Born in Amsterdam during the holocaust, Irene came to Australia at the age of fifteen as one of the great influx of post- World War Two boat people that began the great multicultural development of this country. In her long and varied artistic journey since then, sculpture has always remained her passion. Even during her early career as BBC trained make-up artist working on such classics as the TV series DR WHO, the Hollywood production BLUE LAGOON with Brooke Shields, and the seminal Australian film NEWSFRONT, Irene's on-location collections of found objects became a source of much fascination for cast and crew.
By the mid 1980's she had moved full time into sculpting and painting, teaching at the EORA Aboriginal College for the Visual and Performing Arts. In the Bi-centennial year of 1988, she sculpted the MUSES in consultation with the cartoonist Bruce Petty, painted a section of the Pitt St mural, and brought to life with colour a giant animatronic flying watermelon in the First State '88 Exhibition.. During the '90's Irene pioneered the use of Hebel block as a sculpting material, colouring her works (often in the sinuous curves of native lizards) with natural ochres from her found collection of stones.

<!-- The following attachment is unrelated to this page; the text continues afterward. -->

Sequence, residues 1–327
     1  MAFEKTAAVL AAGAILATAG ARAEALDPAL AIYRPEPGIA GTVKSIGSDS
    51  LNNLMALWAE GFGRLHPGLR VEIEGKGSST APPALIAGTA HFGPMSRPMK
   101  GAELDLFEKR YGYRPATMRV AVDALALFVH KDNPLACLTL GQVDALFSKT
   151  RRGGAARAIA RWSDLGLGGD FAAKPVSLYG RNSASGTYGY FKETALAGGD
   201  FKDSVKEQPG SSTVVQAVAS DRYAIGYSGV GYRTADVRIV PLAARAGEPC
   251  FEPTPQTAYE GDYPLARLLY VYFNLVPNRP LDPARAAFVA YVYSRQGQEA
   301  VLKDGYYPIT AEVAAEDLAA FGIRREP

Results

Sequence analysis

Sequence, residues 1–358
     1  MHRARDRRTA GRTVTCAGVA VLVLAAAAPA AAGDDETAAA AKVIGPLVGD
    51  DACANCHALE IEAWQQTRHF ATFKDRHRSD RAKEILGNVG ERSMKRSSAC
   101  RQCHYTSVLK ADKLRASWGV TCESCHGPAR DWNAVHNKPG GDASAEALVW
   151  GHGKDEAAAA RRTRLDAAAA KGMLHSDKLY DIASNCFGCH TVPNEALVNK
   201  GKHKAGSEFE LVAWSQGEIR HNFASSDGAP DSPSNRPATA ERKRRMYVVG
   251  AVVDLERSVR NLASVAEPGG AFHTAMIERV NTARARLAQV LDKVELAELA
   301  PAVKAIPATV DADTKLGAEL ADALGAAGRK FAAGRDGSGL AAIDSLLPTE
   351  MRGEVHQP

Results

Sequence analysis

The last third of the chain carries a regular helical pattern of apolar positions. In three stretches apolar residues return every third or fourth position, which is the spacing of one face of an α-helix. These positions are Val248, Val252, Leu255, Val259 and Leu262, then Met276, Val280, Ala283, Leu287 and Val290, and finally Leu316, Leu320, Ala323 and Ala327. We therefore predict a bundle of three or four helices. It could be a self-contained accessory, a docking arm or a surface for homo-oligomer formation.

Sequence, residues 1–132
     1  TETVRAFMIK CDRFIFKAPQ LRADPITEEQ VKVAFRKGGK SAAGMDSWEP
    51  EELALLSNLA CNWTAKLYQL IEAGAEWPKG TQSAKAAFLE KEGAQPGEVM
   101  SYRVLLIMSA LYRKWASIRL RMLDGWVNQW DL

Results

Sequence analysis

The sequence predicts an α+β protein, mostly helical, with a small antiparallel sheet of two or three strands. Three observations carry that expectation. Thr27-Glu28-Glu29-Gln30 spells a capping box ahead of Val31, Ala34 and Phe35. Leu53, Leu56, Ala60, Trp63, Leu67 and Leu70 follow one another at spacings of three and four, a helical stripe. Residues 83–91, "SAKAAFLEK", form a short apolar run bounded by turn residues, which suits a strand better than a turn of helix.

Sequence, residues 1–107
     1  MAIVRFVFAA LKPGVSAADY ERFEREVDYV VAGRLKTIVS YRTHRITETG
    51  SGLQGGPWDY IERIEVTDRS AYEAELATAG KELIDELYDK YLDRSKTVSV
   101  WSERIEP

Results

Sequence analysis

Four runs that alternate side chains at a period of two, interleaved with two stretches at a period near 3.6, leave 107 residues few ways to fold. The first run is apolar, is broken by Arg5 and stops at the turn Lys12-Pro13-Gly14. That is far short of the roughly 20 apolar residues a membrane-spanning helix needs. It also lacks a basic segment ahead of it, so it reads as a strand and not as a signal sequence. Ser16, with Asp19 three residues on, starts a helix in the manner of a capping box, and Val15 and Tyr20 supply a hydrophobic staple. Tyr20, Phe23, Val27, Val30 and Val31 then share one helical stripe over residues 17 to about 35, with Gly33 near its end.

From sculpture she moved naturally into mold making and bronze casting. The techniques of mold-making led her to ceramics, and her most recent works develop this strand of her talents.
In celebration of nature, Irene Walls' work promotes the harmonious possibilities of human existence in a world where all living things are treated with universal compassion, and the interweaving of all lives is a constant revelation.